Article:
The January 6 criminal investigation extends to the planning and financing of the rally

Over the past two months, a federal grand jury in Washington has issued subpoenas to certain officials in former President Donald Trump’s orbit who helped plan, fund and execute the Jan. 6 rally. , said people familiar with the matter, who spoke on the condition of anonymity to discuss an ongoing investigation.

The development shows just how far the Justice Department’s investigation — which already involves more defendants than any other criminal prosecution in the nation’s history — has gone beyond the capitol storm to examine events leading up to the incident. ‘attack.

The events of January 6, 2021 are a legally heavy headache for federal investigators. FBI prosecutors and agents must distinguish between constitutionally protected First Amendment activities, such as speaking and assembly, and alleged conspiracy to obstruct Congress or other potential crimes related to the collection of fund and organization leading up to January 6th.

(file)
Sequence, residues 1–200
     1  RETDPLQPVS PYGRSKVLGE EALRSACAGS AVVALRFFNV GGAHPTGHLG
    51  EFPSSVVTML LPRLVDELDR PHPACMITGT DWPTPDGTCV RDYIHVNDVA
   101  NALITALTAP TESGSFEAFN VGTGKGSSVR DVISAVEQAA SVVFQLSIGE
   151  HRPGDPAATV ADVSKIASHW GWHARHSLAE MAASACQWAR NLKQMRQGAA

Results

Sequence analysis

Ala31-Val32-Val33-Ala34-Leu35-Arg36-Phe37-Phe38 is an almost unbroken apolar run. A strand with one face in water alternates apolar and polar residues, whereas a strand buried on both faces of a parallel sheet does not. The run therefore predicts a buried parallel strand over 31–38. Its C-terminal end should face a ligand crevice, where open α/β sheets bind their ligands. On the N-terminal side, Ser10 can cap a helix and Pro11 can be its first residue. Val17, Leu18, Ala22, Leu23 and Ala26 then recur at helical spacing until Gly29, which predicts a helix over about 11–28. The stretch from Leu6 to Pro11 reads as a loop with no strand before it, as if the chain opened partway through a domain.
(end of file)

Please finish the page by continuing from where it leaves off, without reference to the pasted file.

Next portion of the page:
The task is also complicated by the proximity of these two very different types of activity – speech and violence – which occurred within hours of each other and within a mile of each other.

A spokesperson for the U.S. attorney’s office in Washington declined to comment.

On the morning of January 6, thousands of people from across the country gathered at the Ellipse behind the White House to rally behind the false premise that Trump had won the 2020 presidential election. began speaking to the crowd around noon and called on attendees to walk down Pennsylvania Avenue to the US Capitol. At 12:30 p.m., hundreds of people began to gather near Congress. Around 1 p.m., the barricaded security perimeter of the Capitol complex was breached and people flocked to the building.

The crowd erupted, with rioters beating officers, smashing windows and smashing their way into legislative offices. Lawmakers fled to safety, delaying the official tally of Joe Biden’s election victory for hours until order could be restored. More than 100 police officers were injured, many of them seriously.